• Lower back pain that eases when you lie down
  • Pelvic pain or pressure
  • Pain or lack of sensation during sex

Women with mild prolapse may have no symptoms or discomfort at all and may not be aware they have a prolapse. When symptoms do occur, however, they tend to be related to the organ that has prolapsed.

A bladder or urethra prolapse may cause incontinence (leaking urine), frequent or urgent need to urinate or difficulty urinating.

A prolapse of the small or large bowel (rectum) may cause constipation or difficulty defecating. Some women may need to insert a finger in their vagina and push the bowel back into place in order to empty their bowels.

Women with uterine prolapse may feel a dragging or heaviness in their pelvic area, often described as feeling 'like my insides are falling out'. With severe prolapse, when the uterus is bulging out of the vagina, the skin may become irritated, raw and infected.

If you have any of the symptoms of prolapse, particularly if you can see or feel something near or at the opening of your vagina, make an appointment to see your doctor. Many women with prolapse avoid going to the doctor because they are embarrassed or afraid of what the doctor might find, but prolapse is very common and is nothing to be ashamed of.

Laparoscopic Sacrohysteropexy
Laparoscopic sacrohysteropexy involves the use of a permanent polypropylene mesh, which is attached to the cervix and the sacral promontory (the first and second vertebra of the sacrum). The mesh is buried below the peritoneum to prevent adhesions. In this fashion, the uterus and cervix are suspended from the tailbone, restoring a normal anatomy, enhancing sexual function, and preserving childbearing capability.

If you've already had a hysterectomy and have a vaginal vault prolapse, theis same procedure is called a laparoscopic sacral colpopexy,and is one of the most successful operations for suspending the vagina.

Vaginal mesh
Surgery for pelvic organ prolapse may not always be successful and the prolapse can return, meaning another operation may be needed.

For this reason, synthetic (non-absorbable) and biological (absorbable) meshes have been introduced as supporting materials in the surgical treatment of pelvic organ prolapse.

These permanent implants support the vaginal wall and/or internal organs. About 1,500 such operations are carried out in the UK each year.

The majority of women with prolapse who are treated with mesh respond well to this treatment. However, the MHRA has received a number of reports of complications associated with vaginal meshes. The most frequently reported problems have included persistent pain, sexual problems, mesh exposure through vaginal tissues and occasionally injury to nearby organs such as the bladder or bowel.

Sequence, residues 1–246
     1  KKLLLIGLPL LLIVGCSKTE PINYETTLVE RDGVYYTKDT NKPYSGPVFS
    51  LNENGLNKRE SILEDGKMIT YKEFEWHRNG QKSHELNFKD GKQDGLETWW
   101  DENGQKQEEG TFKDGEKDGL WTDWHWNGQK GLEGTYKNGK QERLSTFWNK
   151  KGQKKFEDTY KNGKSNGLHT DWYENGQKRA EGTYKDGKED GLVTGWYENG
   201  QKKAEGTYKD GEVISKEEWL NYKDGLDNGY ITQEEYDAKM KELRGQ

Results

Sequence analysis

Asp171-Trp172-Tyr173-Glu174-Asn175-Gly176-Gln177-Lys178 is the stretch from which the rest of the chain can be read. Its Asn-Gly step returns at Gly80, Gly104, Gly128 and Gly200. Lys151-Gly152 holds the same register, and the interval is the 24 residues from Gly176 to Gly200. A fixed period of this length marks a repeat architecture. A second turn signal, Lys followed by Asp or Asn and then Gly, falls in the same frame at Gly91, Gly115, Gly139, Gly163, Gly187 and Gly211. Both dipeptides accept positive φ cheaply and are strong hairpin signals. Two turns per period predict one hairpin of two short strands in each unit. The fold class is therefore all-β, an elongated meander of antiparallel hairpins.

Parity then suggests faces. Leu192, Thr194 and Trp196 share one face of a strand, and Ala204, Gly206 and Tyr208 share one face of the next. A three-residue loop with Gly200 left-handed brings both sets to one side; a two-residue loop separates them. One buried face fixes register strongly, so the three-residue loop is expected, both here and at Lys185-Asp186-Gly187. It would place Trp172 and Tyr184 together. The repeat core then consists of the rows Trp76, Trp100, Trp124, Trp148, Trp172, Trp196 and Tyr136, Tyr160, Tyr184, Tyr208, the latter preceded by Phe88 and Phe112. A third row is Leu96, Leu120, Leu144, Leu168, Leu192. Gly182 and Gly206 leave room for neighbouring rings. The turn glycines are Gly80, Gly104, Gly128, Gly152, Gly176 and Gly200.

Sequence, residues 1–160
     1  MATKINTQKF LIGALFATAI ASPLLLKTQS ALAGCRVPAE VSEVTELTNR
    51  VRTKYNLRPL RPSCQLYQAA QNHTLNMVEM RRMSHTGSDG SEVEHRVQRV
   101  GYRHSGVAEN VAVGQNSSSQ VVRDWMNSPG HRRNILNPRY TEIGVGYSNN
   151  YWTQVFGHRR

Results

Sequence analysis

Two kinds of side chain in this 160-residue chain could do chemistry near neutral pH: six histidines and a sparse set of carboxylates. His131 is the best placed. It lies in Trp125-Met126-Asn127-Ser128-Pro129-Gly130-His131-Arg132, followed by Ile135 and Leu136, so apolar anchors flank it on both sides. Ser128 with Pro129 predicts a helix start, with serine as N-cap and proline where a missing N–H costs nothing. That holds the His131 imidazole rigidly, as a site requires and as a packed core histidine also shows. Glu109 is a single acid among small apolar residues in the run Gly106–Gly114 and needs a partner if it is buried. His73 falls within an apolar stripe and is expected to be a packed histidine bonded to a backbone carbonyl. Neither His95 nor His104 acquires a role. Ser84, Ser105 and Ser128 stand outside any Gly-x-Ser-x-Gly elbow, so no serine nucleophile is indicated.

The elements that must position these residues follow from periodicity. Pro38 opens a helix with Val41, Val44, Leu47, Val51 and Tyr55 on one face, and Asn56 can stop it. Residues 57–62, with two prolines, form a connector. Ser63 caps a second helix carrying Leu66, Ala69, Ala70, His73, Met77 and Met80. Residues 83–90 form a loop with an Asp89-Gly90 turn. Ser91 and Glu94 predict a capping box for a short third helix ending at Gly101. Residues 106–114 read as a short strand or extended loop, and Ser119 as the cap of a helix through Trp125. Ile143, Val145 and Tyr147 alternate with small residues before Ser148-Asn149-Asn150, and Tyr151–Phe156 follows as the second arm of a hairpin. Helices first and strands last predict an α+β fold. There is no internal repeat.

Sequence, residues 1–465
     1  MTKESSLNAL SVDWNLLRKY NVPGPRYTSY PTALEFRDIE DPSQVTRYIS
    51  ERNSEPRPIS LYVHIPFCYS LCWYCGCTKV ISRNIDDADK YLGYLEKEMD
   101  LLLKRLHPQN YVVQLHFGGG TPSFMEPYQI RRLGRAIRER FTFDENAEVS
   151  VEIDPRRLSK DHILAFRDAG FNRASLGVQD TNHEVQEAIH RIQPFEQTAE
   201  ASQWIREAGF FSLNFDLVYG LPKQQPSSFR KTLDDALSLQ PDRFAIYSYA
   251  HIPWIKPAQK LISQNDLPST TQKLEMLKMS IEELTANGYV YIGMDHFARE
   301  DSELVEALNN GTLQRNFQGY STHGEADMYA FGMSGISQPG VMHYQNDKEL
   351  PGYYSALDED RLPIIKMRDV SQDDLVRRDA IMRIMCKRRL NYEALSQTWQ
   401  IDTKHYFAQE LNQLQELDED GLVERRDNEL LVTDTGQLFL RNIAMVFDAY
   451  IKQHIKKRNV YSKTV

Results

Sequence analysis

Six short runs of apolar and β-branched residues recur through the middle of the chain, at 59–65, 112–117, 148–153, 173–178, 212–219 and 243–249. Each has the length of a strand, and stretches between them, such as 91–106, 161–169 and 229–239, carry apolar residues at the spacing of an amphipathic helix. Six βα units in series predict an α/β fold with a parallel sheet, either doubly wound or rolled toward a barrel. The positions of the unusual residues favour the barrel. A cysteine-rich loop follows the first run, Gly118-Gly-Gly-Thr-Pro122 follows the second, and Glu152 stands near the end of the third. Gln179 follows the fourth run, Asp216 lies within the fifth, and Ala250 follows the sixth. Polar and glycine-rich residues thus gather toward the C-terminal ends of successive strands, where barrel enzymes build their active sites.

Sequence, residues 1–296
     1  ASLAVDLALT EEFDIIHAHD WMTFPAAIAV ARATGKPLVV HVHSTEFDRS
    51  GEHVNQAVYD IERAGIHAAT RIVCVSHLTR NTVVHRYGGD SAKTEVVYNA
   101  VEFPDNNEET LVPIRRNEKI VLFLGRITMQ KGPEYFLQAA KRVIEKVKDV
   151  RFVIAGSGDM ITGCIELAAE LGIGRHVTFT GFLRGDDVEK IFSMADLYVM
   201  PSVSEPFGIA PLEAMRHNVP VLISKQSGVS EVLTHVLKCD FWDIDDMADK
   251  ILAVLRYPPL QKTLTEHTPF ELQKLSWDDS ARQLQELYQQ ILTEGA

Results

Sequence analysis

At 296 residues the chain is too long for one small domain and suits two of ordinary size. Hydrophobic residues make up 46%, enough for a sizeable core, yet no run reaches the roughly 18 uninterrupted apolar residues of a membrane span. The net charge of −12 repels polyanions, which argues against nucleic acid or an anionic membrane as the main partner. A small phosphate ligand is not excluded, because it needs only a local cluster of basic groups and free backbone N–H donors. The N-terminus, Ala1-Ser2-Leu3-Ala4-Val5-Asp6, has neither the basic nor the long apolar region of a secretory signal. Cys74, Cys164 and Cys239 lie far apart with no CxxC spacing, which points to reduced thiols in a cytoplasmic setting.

Recovering from surgery
Many prolapse operations are done as day surgeries with no overnight stay, although more major operations may require a stay in hospital for one or two days.

If you need to stay in hospital, you may have a drip in your arm to provide fluids and a thin plastic tube called a catheter to drain urine from your bladder. Some gauze will be placed inside your vagina to act as a bandage for the first 24 hours. This may be slightly uncomfortable. Your stitches will usually dissolve on their own after a few weeks.

For the first few days or weeks after your operation you may have some vaginal bleeding similar to a period. You may also have some vaginal discharge. This may last three or four weeks. During this time you should use sanitary towels rather than tampons.

To reduce your risk of developing a cystocele, try these self-care measures:
  • Perform Kegel exercises on a regular basis. These exercises can strengthen your pelvic floor muscles, and this is especially important after you have a baby.
  • Treat and prevent constipation. High-fiber foods can help.
  • Avoid heavy lifting, and lift correctly. When lifting, use your legs instead of your waist or back.
  • Control coughing. Get treatment for a chronic cough or bronchitis, and don't smoke.
  • Avoid weight gain. Talk to your doctor to determine your ideal weight and get advice on weight-loss strategies, if you need them.